Outstanding

If this doesn't remain in my top five come year-end I will be shocked. Who thought that a movie can not only sustain a full 90mins stuck within the confines of a coffin (and believe me, it doesn't leave the coffin) but that it would be one of the most cinematic and audacious pieces of cinema I've seen in a good few years? Like this year's Inception and Toy Story 3, movies like Buried are the reason I love cinema. It is escapism at it's best, ironic considering the setting. Who thought Ryan Reynolds, Van Wilder: Party Liaison himself could be so utterly mesmerising in such a challenging role? The movie is literally his. Sure, there are those he speaks to over the phone (he's buried with a Zippo and a Blackberry) but for the film's length, he is the only physical presence on screen. He goes through every emotion possible: fear, panic, anger, sadness, happiness, depression, acceptance, and all of it played so convincingly that you almost wonder whether they genuinely buried the actor and left a camera in there with him.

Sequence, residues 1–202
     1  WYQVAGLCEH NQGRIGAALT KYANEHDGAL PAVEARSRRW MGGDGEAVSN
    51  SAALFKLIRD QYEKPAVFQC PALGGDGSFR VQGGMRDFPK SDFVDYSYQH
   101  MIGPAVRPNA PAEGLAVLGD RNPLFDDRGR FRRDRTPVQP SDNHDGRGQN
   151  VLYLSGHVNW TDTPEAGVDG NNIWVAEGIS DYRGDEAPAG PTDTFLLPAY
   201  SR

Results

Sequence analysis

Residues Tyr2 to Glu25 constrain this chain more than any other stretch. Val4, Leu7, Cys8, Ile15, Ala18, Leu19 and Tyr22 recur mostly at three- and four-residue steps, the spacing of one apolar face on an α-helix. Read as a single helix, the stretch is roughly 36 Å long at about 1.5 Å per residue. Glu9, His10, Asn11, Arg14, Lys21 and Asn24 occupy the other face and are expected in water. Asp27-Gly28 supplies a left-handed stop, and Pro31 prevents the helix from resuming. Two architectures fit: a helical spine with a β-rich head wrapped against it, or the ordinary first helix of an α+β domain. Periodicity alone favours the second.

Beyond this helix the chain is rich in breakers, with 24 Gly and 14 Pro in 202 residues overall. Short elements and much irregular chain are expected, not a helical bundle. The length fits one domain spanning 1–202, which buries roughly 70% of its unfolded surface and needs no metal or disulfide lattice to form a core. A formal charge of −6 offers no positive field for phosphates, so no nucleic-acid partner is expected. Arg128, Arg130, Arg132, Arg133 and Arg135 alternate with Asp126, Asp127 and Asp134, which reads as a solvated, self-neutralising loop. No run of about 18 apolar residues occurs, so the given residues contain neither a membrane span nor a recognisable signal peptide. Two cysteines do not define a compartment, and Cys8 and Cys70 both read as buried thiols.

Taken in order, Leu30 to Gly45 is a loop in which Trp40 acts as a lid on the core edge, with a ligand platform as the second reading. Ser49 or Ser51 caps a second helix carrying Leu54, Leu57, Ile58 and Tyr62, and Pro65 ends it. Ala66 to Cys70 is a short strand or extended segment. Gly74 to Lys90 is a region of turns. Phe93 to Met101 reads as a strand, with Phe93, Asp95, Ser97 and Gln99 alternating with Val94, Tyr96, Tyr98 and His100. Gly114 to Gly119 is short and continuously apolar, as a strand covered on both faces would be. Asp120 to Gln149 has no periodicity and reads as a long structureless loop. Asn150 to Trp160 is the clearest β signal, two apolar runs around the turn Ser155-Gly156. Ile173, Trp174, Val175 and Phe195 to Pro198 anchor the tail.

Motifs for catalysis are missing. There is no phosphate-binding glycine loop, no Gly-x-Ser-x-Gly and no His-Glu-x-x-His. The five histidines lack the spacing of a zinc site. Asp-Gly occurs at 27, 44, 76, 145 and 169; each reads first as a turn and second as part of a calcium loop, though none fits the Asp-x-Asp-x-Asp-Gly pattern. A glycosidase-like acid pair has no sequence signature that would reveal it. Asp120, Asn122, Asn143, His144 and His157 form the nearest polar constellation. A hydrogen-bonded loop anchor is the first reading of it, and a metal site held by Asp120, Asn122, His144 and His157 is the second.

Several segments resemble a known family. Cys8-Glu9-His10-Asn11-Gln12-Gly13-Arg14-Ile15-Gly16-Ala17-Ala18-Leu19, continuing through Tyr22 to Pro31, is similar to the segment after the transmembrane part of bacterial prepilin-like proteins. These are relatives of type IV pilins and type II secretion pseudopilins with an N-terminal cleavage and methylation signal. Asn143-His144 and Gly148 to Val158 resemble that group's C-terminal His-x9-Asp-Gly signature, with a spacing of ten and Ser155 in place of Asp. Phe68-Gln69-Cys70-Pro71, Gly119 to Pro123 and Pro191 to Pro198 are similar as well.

There are minor gripes, all predominantly found in the first half. It feels somewhat episodic at times and there's a lack of any real tension during the first forty minutes but this is a pressure cooker of a film and the last half is unrelenting to the point of nausea, culminating in a truly great finale that caused me to shout-out in the quiet, near empty cinema.

Buried is extraordinary. The only performance to beat Reynolds' in recent years is Sam Rockwell's stunning turn in Moon. High concept thrillers like this rise or fall on the delivery of their challenging set ups. Fortunately, Buried works.

It really, really works.